If he wants to be alone, anything you say or do will only acid irritation. Let him have his privacy. However, don't feel that his wanting to be alone is a personal insult to you. Some people just need to be alone at certain times. Get busy on some project of your own and stay out of his way. Moods tend to be temporary. He'll get over it.

Frequently, a wise husband can help to pull his wife out of sad or dark moods by suggesting an outing of some kind. A quiet dinner date, a visit to a museum, or evening at the opera will usually dissipate that negative outlook. Or a wife can suggest that her husband play a round of golf, visit an old army buddy or spend some quality time drooling over the new cars at the local auto dealer. He'll more than likely return from such an outing in a much better mood.

Or maybe your mate just wants to sit down and talk. Dr. Gottman advises couples to "reunite at the end of the day and talk about how it went." The spouse may be feeling sorry for herself and need someone to listen. An argument with a co-worker or relative may have sparked the depressed mood. If the spouse wants to talk about it, listen sympathetically but don't give advice. She's not asking for answers. She probably simply wants to talk out the resentment she's feeling for the person or situation. Don't be judgmental, even if you feel your spouse did or said something wrong. Criticism--even the constructive kind--may only depress her more.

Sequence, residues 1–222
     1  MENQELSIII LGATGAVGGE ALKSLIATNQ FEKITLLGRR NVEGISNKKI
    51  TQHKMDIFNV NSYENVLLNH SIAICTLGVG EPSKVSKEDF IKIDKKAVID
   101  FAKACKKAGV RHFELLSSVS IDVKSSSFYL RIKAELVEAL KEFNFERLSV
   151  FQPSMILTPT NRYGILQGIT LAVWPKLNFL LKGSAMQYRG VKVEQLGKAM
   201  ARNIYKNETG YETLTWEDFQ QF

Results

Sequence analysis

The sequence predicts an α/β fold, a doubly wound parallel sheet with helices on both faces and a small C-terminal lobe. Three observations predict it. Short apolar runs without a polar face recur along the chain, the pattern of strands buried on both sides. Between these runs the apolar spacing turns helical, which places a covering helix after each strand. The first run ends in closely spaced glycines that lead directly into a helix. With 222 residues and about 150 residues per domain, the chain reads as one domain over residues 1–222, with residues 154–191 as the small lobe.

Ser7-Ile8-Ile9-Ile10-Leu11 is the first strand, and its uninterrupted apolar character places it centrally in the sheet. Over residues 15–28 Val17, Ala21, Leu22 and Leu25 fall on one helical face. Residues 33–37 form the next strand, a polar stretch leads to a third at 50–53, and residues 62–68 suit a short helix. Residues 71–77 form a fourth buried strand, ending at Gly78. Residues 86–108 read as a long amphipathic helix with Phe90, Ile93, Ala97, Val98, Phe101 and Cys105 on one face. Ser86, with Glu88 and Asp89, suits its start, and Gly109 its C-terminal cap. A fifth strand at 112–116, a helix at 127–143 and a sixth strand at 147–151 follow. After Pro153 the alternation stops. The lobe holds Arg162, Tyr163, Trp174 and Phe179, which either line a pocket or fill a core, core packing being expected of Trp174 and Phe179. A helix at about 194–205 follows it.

Ergo the Ego
If your mate is in a poor mood, it's usually a sign that his ego is suffering. Now is a good time to use words and actions that will help build up that faltering sense of self-worth. A husband can give his depressed wife a small gift and tell her how much he loves her. A wife can prepare her husband's favorite dish for dinner and let him know that she thinks he's a great guy. The person in a depressed mood is usually suffering within, regardless of how much he or she pretends otherwise.